Let us continue with the benchmark results. SATA3 drives are currently tested with an ASRock 890GX Extreme3 motherboard. At present, Microsoft Windows 7 Ultimate Edition is used as the operating system.
The SSD drive speed was examined and compared with the following benchmark software:
The SSD benchmark values offers a very good reference point of the maximal possible reading and writing performance, the speed with smaller files and the respective access time. The 128GB Crucial drive achieved in AHCI mode an enormously high sequential read performance.
Also in IDE mode, with approximately 456.35 MB/s, the maximum transfer rate of the Serial ATA 2.0 interface was exceeded, so that a SATA3 interface is really the best choice for this SSD. The write performance in IDE mode was approximately 195.66 MB/s, which is clearly below the previously tested Crucial m4 256 GB SSD with about 278.57 MB/s. The overall score reached also in IDE mode very good 329 points, because for example the Crucial m4 256 GB SSD reached in IDE mode approx. 325 points and the Curcial 256GB C300 SSD reached in IDE mode 290 points.
Here is a Snipping screenshot of the AS SSD benchmark results (SATA3 IDE):
In AHCI mode also another result beneath the read performance was much higher than in the IDE mode and that is the important value “4K-64Thrd”. 4K means that small 4K blocks are read and/or written and with the 4K 64Thrd this is distributed on 64 Threads at the same time. Thus the benchmark program simulate for example a typical program start. Since the weighting of this value is very high in the AS-SSD benchmark tool,the total score in AHCI mode is with 590 points much higher than the previous one in IDE mode. In AHCI mode the Crucial m4 128GB reached even 493 MB/s read- und 200 MB/s write performance, which is of course below the 276.47 MB/s of the 256GB version.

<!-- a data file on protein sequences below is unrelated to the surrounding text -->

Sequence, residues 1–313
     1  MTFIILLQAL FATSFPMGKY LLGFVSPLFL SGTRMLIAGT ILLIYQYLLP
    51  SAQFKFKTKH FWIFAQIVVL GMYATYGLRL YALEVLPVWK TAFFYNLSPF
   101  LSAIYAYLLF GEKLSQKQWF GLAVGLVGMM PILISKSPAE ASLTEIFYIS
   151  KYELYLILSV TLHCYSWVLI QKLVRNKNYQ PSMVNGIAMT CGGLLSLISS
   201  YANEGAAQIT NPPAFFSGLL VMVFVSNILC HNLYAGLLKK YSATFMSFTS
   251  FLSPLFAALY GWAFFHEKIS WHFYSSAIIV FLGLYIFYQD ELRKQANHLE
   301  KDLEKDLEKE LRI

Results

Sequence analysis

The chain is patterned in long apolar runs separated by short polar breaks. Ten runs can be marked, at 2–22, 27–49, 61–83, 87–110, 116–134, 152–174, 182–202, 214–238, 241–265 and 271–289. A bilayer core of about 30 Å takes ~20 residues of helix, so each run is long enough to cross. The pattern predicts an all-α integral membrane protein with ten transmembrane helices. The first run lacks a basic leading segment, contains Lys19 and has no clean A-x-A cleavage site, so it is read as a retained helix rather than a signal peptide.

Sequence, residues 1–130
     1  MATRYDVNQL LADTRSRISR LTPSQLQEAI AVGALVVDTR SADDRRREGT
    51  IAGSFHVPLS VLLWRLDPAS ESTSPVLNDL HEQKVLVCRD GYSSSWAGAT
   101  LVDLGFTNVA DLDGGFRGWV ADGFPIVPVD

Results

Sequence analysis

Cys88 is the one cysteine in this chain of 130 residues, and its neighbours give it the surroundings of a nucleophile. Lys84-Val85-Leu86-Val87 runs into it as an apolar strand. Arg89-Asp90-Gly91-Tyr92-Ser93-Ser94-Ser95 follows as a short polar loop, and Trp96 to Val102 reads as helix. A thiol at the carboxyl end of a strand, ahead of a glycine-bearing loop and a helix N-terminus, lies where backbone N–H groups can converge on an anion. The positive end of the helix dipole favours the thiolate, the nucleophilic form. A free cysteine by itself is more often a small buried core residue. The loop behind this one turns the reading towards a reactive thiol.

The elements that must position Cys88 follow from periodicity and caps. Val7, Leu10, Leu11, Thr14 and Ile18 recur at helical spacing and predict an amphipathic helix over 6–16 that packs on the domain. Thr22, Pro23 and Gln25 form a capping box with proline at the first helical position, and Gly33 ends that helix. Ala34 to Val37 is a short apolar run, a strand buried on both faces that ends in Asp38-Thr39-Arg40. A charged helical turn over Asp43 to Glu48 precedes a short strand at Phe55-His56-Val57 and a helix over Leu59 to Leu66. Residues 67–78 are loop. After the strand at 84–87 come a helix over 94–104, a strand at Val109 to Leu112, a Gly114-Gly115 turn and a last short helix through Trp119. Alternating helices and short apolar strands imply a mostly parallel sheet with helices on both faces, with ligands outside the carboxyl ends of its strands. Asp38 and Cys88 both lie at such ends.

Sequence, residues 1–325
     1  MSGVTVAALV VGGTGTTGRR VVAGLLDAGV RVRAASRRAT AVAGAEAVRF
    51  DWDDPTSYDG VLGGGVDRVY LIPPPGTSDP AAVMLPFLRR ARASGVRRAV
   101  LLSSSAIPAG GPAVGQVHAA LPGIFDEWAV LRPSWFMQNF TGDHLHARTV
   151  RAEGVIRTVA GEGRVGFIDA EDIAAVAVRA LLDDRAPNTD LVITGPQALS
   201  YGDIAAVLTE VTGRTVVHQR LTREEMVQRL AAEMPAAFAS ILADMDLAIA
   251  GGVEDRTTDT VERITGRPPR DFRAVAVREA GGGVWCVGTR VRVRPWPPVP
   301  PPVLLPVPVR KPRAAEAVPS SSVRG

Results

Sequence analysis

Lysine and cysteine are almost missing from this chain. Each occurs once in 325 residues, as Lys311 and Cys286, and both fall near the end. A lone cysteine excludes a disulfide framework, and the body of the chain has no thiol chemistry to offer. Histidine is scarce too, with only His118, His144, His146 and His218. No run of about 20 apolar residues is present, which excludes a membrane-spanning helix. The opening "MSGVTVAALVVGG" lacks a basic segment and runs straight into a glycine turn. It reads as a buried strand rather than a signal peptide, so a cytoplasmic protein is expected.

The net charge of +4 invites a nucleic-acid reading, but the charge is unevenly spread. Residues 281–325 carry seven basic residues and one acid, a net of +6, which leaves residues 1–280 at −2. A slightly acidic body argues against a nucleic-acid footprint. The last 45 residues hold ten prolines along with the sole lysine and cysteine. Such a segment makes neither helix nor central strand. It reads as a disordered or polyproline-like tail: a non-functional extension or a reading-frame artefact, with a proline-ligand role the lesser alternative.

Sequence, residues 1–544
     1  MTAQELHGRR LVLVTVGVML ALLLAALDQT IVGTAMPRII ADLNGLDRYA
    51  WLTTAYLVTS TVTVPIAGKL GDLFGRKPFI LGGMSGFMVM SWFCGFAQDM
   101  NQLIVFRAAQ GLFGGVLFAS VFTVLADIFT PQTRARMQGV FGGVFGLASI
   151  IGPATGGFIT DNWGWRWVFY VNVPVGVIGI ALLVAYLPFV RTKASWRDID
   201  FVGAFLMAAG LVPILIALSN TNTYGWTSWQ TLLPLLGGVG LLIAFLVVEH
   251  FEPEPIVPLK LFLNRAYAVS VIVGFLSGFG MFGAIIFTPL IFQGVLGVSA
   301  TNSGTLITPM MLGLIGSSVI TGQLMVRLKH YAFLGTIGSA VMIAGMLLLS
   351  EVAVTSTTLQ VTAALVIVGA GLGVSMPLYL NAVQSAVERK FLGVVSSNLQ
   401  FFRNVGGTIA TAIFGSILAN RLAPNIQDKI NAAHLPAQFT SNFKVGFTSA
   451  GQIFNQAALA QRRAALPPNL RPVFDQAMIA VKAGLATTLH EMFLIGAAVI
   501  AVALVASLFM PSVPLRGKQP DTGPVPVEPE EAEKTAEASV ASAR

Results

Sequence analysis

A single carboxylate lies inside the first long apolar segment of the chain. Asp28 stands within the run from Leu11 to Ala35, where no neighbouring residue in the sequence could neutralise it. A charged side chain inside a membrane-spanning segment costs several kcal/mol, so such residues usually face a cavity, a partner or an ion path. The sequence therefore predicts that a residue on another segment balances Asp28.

Hint: Who think now about changing its SATA port in the BIOS from native IDE and/or legacy IDE to AHCI, should change first for example (if possible) only one part of the SATA port, where the drive with the operating system is not installed. Because if one like to save the new Windows installation, one must install the hard disk controller driver before changing SATA mode from IDE to AHCI – alternatively there are also Registry entries for it. If you like to upgrade from HDD to SSD, you should not copy the content 1:1 only with a tool like Norton Ghost or Acronis Backup. It is better to install a fresh Windows7 or adjust at least the SSD Alignment. In case that you bought the Crucial m4 Data Transfer Kit (ends with CCA), it is possible to do this with the contained software. We help you with questions to this topic or all other PC related questions at any time 24/7 in our PC Forum.
Here is a Snipping screenshot of the AS SSD benchmark results (SATA3 AHCI):
Here is a Snipping screenshot of the AS SSD iops results to measure the input/output speed (SATA3 IDE):
And here is a Snipping screenshot of the AS SSD iops results to measure the input/output speed, with a drastic rise in AHCI up to the manufacturer data of approx. 45k/35k (SATA3 in AHCI mode):
The USB-zu-SATA Kit transfer the data with such a slow USB 2.0 performance of 33 MB/s (SATA an USB 2.0):
The comparison of the AS SSD benchmark results is extended with each new HDD/SSD test. Here we see several SSDs in comparison to the Crucial m4 128GB 2.5″ SSD in IDE and in AHCI mode, whereby the diagram is updated shortly with new SSDs. Currently, the Crucial m4 128GB SSD is even at the top, directly followed by the Crucial m4 256GB SSD.
Here is a comparison of the AS SSD benchmark values, which are getting updated with soon coming drives:
The ATTO disk benchmark values gives a very good overview about the write and read rate on different file sizes. Here we see once again a huge difference between legacy IDE and AHCI, especially with this SSD.
Here is a Snipping screenshot of the ATTO Disk benchmark values (SATA3):